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SAMPLE OF RESEARCH REPORT - PARTS I & II
(name)___________________________ Per. ____ (date)__________
THE EFFECT OF THE FERTILIZER VF-11 ON OAT SEED GERMINATION
I. INTRODUCTION
A. PROBLEM: How does a fertilizer affect the germination of oat seeds?
B. BACKGROUND: With the time rapidly approaching when we will need to grow food plants in an orbiting space
station, in a lunar base, and in a station on Mars, it would be important to know just how much fertilizer is absolutely necessary
for maximum growth in those environments. Payload size for launching support materials is very precious, so we don't want to
send up any more than necessary. Baseline data can be gathered from ground-based studies on various food plants and various
fertilizers.
Since a seed is essentially a plant in a very early stage, it is reasonable to expect that anything that helps a plant to
grow should also help a seed to germinate and grow.
C. HYPOTHESIS: The fertilizer, VF-11, will stimulate the germination and early growth of oat seeds.
II. INVESTIGATION
A. PROCEDURE:
1. Two clear plastic vials (8.1X3.2 cm diam.) are set up, each with a strip of masking tape around it, 1 cm from
top of vial (with marks numbered 1-6, 15mm apart to mark the position of each seed, and to identify the
vial), and with a rolled-up half-piece of brown paper towel slipped inside (to hold the seeds in position
against the vial).
2. The paper in each vial is moistened with a small amount of water to help hold seeds in position.
3. 12 oat seeds (Avena sativa) of approximately equal length and thickness are selected. 6 will go into each vial,
as follows:
4. Using forceps, each seed is grasped gently in such a way that its sharpest point is pointing away from the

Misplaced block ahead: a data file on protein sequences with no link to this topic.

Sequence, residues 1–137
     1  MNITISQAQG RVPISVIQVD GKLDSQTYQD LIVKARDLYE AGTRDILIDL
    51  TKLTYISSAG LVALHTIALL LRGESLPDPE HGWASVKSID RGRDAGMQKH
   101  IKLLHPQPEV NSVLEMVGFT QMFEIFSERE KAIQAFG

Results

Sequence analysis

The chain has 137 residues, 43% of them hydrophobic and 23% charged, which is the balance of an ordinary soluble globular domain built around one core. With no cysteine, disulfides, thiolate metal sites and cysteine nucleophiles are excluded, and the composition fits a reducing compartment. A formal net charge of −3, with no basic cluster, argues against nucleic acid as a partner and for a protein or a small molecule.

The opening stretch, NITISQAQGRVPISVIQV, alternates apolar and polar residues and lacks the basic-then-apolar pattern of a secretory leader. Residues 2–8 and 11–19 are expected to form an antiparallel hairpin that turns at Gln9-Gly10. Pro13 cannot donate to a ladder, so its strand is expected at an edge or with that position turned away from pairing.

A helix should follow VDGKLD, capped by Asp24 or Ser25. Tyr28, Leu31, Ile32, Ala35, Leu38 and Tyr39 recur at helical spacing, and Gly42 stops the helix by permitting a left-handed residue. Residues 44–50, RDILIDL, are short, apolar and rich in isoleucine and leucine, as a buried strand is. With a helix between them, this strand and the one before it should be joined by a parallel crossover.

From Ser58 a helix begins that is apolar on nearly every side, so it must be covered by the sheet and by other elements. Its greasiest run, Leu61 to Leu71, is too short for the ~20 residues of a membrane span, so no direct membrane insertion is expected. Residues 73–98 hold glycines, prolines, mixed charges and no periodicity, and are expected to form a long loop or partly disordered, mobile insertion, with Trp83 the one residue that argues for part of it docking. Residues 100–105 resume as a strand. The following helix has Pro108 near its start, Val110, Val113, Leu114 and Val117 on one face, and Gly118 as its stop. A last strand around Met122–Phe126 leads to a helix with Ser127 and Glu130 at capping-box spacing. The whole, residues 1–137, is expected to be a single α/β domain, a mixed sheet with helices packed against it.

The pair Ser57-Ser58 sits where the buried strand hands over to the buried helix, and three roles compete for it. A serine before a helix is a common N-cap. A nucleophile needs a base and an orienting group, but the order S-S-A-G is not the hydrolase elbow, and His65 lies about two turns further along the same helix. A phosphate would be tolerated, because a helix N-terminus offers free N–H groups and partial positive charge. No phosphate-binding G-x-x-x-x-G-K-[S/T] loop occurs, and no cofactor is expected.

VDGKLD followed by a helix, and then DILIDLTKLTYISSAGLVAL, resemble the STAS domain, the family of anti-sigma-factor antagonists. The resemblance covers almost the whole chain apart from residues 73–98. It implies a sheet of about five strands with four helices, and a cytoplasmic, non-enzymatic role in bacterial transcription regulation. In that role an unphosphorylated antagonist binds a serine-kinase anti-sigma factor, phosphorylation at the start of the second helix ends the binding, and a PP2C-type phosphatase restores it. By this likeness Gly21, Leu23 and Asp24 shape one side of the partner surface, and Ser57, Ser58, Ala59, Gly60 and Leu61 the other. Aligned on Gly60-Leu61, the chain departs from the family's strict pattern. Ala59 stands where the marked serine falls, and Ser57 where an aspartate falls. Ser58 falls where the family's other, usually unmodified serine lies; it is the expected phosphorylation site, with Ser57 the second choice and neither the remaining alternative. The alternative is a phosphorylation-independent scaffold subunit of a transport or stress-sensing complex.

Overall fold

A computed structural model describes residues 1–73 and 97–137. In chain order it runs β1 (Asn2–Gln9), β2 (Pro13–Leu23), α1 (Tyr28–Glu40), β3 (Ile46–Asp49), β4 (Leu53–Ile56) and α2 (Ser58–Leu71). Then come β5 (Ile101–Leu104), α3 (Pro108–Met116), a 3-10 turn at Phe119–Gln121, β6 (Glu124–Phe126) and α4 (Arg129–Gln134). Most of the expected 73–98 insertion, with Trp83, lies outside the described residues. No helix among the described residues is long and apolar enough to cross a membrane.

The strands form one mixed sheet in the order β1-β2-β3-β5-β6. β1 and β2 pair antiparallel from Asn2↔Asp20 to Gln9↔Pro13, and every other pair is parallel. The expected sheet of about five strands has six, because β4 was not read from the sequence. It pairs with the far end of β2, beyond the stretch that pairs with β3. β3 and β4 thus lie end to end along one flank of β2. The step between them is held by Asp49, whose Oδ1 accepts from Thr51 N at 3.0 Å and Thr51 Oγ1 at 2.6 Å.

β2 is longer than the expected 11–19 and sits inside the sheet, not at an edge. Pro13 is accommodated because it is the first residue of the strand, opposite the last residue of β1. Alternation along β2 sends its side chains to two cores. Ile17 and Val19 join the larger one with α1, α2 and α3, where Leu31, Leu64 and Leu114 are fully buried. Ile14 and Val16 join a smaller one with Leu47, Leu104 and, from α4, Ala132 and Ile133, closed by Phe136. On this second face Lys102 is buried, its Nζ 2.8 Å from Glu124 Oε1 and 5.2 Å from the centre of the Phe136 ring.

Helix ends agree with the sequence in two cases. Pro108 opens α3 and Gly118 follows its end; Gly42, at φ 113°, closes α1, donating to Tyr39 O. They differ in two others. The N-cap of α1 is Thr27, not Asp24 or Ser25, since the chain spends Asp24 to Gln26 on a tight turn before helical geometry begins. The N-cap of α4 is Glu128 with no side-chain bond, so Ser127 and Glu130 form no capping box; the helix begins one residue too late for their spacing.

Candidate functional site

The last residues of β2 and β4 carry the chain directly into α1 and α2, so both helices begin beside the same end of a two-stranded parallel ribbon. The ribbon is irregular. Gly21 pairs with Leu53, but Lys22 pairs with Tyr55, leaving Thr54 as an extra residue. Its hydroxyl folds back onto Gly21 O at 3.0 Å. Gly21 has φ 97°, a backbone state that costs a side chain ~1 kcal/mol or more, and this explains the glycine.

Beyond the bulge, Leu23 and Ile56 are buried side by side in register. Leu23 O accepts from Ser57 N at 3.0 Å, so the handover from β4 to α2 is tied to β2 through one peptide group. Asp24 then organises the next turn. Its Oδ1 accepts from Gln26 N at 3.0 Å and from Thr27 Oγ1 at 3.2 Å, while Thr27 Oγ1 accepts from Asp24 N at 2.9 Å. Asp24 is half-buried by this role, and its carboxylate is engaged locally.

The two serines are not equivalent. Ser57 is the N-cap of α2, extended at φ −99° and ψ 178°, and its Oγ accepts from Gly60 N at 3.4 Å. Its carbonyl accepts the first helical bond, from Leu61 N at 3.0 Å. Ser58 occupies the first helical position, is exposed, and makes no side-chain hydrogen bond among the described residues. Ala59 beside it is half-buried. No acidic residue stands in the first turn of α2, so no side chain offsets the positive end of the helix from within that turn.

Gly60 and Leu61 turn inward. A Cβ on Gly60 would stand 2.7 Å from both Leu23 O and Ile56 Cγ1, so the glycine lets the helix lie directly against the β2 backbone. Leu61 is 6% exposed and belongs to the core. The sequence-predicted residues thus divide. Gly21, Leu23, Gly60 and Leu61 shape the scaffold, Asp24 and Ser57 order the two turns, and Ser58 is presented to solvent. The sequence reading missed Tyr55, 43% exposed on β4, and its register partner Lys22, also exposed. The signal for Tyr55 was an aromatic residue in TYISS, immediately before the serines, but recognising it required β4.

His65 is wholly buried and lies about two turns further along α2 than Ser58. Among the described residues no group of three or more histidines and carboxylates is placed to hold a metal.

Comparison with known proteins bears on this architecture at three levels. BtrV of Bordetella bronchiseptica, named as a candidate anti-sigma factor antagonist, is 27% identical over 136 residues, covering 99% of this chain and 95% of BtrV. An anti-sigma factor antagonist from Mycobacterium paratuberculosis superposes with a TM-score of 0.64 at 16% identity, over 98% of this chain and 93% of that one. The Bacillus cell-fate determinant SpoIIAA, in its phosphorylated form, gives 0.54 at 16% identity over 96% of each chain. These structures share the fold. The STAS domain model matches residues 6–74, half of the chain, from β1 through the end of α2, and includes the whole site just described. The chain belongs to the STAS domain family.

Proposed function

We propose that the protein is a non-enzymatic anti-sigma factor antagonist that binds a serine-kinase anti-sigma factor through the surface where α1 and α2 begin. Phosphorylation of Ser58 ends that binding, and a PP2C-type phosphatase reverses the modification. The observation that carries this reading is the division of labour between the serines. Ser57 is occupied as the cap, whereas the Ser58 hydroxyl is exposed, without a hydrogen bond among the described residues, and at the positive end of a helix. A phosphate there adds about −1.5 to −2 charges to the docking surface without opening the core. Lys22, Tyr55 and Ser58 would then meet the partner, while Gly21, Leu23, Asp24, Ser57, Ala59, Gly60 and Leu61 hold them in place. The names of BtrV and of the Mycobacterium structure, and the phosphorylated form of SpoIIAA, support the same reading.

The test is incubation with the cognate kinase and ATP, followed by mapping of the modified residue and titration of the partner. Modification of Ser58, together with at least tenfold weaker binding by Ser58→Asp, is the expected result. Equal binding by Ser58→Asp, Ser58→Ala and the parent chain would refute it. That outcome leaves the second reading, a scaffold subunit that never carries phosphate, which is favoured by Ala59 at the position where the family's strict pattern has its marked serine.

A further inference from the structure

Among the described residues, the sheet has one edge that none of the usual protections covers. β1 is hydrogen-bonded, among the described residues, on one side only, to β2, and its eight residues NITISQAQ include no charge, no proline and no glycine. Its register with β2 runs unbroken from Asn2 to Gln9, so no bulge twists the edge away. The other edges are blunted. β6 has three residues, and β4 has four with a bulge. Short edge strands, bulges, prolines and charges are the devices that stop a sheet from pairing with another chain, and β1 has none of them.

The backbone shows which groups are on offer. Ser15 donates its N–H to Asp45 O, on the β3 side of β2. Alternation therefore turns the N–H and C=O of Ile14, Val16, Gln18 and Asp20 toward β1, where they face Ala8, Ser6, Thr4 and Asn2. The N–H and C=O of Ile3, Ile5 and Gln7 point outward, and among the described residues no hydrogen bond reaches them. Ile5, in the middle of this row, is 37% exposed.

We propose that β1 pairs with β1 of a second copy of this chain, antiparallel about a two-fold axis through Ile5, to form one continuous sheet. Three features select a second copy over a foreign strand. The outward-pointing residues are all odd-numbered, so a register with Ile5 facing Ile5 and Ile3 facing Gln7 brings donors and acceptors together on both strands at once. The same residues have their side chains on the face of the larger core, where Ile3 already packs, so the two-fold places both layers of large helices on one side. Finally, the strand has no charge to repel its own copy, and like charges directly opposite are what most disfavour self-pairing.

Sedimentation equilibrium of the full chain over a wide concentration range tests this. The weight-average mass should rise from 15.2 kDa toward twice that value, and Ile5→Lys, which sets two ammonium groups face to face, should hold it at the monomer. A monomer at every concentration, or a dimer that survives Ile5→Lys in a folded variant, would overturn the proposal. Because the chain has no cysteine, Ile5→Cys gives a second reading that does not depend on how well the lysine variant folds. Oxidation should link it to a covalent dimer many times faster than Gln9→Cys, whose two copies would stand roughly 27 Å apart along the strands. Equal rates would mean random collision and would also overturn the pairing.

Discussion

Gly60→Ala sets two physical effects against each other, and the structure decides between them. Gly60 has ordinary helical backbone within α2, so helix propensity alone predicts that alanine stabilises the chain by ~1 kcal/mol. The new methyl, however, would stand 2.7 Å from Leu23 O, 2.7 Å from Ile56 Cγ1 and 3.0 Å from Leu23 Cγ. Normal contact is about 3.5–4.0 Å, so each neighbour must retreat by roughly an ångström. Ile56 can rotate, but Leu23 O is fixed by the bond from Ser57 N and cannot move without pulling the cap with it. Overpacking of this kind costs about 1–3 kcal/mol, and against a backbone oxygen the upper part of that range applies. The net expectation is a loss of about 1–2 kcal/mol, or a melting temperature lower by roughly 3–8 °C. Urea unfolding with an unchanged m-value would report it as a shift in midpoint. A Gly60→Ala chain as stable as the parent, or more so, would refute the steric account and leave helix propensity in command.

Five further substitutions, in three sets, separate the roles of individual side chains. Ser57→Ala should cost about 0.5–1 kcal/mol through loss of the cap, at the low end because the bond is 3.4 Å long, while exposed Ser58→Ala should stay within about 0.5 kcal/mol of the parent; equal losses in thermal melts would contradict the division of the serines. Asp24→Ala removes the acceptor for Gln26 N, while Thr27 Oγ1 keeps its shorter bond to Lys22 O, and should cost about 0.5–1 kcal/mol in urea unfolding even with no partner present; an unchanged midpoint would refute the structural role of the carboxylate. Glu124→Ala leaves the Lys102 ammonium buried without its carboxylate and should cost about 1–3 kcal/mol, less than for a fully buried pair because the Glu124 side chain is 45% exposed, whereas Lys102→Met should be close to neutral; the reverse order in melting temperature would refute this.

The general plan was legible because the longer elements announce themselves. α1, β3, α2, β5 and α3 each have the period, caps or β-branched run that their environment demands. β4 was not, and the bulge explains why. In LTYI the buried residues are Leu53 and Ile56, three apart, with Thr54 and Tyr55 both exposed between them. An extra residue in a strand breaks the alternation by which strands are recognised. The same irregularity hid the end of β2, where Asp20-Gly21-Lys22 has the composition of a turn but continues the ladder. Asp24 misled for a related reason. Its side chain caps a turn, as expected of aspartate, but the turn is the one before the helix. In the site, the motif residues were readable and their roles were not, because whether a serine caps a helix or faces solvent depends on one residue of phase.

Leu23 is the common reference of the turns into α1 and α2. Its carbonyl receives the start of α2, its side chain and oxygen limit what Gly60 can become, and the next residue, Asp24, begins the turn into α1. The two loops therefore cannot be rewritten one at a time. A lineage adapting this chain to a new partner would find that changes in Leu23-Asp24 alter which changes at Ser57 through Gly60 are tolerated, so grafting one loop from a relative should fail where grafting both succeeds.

hand, and just a few mm from the end of the forceps.
5. Working the forceps points into the space between paper towel and plastic vial, each seed is inserted to a
position where its pointed (lower) end is just even with the upper edge of the tape (1 cm from lip of vial),
and just above one of the numbered marks.
6. One vial (the "experimental") is half-filled with a tapwater solution of VF-11, diluted according to directions
on bottle. The other vial (the "control") is just half-filled with tap water.
7. Both vials are kept in a wood block on the window sill in room 18, at right angles to the window.
8. Each day, the vials are checked for water level (maintained at 1/2 full) and seed germination.
9. When green shoots begin to appear from several seeds, each will be measured (from edge of vial to upper tip
of shoot) to the nearest mm, and the measurements are recorded in two data tables (one for the control vial,
one for the experimental vial), designed for easy data entry and calculations.
10. Both members of each research team are responsible for BOTH VIALS: measuring, recording, and watering
as needed, at each lab session.
11 Measurements are made daily for about 1 week after first measurements are started.
12. At the end of the study, a graph of the summarized data is prepared, and a statistical analysis made (using the
t-Test) to compare shoot lengths on the last day of measurement. These are used to help interpret the data
and reach a conclusion.
B. PREDICTIONS: If the hypothesis is correct, then the shoots grown in VF-11 should be significantly taller on
average than those grown in plain tapwater for the same period of time. Also, the slope of the growth-rate curve
should be steeper for the fertilized seedlings. Both of these observations would indicate a faster rate of growth in the
fertilizer.
If the hypothesis is wrong, then the length of fertilized shoots should be equal to or shorter than the tapwater
shoots, and the graph slope of the fertilized shoots should be the same or lower than that for the tapwater shoots, both
indicating that the fertilizer had either no effect, or an inhibiting effect, respectively.
III. RESULTS [See attached data tables, graph, and t-Test results.]
IV. DISCUSSION [See attached "Discussion" page for this part.]
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